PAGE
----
1. Increased measures of systemic arterial stiffness were found to be significantly associated with a greater extent of β-Amyloid deposition in the brains of study participants at baseline and follow-up analyses.
2. Though not associated with the cross-sectional extent of β-Amyloid deposition, increased measures of central arterial stiffness were found to be associated with a greater longitudinal accumulation of β-Amyloid in the brains of study participants.
Evidence Rating Level: 2 (Good)
Study Rundown: Hypertension is a well-established risk factor for cognitive impairment and Alzheimer’s disease. Recent evidence indicates that arterial stiffness specifically plays a major role in linking hypertension with its associated pathological features in the brain. In an effort to better characterize this relationship, this longitudinal observational study examined the association between arterial stiffness in different vascular beds and changes in β-Amyloid (Aβ) over time. PET scans were used to assess Aβ deposition during baseline and follow-up periods. At baseline, pulse wave velocity (PWV), a marker of arterial stiffness, was measured in central, peripheral, and mixed vascular beds.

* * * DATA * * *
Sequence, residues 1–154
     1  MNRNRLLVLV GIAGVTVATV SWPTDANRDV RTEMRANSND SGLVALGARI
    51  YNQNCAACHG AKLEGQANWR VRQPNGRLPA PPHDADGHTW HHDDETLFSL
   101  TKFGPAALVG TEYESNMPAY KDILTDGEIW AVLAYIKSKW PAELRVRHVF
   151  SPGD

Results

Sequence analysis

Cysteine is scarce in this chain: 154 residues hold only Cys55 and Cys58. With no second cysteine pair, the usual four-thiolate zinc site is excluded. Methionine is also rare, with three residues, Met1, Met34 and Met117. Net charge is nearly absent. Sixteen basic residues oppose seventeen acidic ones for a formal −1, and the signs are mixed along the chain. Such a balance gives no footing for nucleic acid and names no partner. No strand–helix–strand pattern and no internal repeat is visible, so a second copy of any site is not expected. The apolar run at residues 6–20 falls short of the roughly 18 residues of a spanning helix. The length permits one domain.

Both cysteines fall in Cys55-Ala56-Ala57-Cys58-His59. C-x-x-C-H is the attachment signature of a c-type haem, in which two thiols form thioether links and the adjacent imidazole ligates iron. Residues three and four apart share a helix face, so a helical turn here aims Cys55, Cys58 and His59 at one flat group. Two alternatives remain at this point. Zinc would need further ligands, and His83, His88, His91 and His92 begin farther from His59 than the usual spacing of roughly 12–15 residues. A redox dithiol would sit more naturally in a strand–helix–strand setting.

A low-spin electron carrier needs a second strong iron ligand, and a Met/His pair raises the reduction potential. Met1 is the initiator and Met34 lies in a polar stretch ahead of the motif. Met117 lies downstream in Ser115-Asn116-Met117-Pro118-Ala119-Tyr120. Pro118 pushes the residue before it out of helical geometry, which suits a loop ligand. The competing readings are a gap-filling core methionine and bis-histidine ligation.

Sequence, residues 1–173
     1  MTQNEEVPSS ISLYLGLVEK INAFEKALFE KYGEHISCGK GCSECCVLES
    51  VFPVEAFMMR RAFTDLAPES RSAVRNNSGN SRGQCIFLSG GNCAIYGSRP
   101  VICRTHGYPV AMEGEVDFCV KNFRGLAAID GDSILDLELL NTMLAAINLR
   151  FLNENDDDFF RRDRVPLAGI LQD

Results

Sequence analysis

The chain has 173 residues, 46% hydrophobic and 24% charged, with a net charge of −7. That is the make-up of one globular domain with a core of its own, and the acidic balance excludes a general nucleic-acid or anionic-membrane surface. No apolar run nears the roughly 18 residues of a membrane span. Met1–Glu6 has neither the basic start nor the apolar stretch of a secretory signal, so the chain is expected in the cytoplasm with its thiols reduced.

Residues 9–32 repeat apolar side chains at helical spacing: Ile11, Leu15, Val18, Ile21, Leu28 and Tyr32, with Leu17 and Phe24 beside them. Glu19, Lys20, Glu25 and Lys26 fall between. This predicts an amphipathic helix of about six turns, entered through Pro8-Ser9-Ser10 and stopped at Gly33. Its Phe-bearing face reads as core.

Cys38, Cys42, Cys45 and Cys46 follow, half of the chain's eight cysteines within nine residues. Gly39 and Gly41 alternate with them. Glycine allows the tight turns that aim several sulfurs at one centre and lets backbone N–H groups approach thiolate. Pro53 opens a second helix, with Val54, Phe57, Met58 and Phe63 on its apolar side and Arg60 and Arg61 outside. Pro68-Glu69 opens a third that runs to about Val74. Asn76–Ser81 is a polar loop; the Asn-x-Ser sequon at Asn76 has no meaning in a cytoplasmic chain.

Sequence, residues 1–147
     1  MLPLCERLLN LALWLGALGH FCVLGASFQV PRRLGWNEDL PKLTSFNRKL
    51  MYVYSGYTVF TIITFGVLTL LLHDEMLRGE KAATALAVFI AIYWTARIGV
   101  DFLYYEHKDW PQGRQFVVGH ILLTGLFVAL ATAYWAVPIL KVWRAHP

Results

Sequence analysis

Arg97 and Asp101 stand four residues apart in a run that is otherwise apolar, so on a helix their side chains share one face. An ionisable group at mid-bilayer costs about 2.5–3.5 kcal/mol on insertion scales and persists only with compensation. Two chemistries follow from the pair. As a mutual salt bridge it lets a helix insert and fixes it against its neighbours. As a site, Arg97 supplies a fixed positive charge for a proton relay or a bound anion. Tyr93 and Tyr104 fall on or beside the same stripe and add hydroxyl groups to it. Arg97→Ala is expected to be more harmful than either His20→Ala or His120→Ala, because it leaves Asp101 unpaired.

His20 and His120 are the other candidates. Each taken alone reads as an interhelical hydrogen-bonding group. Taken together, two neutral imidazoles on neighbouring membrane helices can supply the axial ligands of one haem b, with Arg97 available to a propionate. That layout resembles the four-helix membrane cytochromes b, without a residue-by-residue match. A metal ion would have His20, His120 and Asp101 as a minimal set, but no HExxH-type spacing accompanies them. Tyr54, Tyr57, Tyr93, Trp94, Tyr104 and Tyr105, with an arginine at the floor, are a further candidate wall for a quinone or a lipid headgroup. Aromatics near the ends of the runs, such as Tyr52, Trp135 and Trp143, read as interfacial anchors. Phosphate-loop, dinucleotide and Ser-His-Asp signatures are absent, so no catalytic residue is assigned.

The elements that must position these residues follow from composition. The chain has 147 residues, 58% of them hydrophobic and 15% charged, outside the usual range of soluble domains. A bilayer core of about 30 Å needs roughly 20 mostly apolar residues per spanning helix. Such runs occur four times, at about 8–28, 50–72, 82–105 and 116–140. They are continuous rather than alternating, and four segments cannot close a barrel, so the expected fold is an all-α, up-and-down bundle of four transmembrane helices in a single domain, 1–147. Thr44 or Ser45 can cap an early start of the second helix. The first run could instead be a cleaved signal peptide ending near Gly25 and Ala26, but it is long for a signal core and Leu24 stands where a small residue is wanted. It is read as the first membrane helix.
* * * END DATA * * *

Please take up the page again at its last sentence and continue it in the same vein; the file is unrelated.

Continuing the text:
The study found that participants with greater brachial-ankle (mixed vascular bed) PWV were more likely to be Aβ-positive at baseline and follow-up. However, this measurement was not significantly associated with a longitudinal accumulation of Aβ in the brains of participants. Rather, central arterial stiffness was the only factor associated with an increase in Aβ deposition over time. Though providing evidence that vascular disease may contribute to progressive Aβ deposition, this study had a limited sample size, utilized qualitative classification of Aβ-positive participants, and only assessed arterial stiffness at a single point in time.
In-Depth [prospective cohort]: This study examined nondemented participants from the Gingko Evaluation of Memory Study. 91 of these participants received a baseline PET scan to assess Aβ deposition and had their arterial stiffness measured. The mean time to follow-up was 1.8 years. At the follow-up assessment, 81 of these patients remained nondemented and returned for a repeat PET scan. These participants were similar to non-returning participants in baseline characteristics.
Using standardized classification techniques, 48% of participants were Aβ-positive at baseline, while 75% were Aβ-positive upon follow-up. At follow-up, several PWV measurements in different vasculature beds were significantly associated with continuous measures of Aβ deposition, including brachial-ankle PWV (r = 0.32, p < 0. 001). Each 1-SD increase in brachial-ankle PWV was associated with a 4.06-fold increase in the odds of being Aβ-positive (95% CI = 1.83 – 9.06). Changes in the amount of Aβ deposition over time were not correlated with baseline levels of Aβ nor brachial-ankle PWV. However, accumulation of Aβ was linked to greater measures of central arterial stiffness, and when adjusting for covariates a 1-SD increase in carotid-femoral PWV was associated with a nearly 2-fold increase in Aβ deposition over 2 years of follow-up (β = 0.60, p = 0.001).
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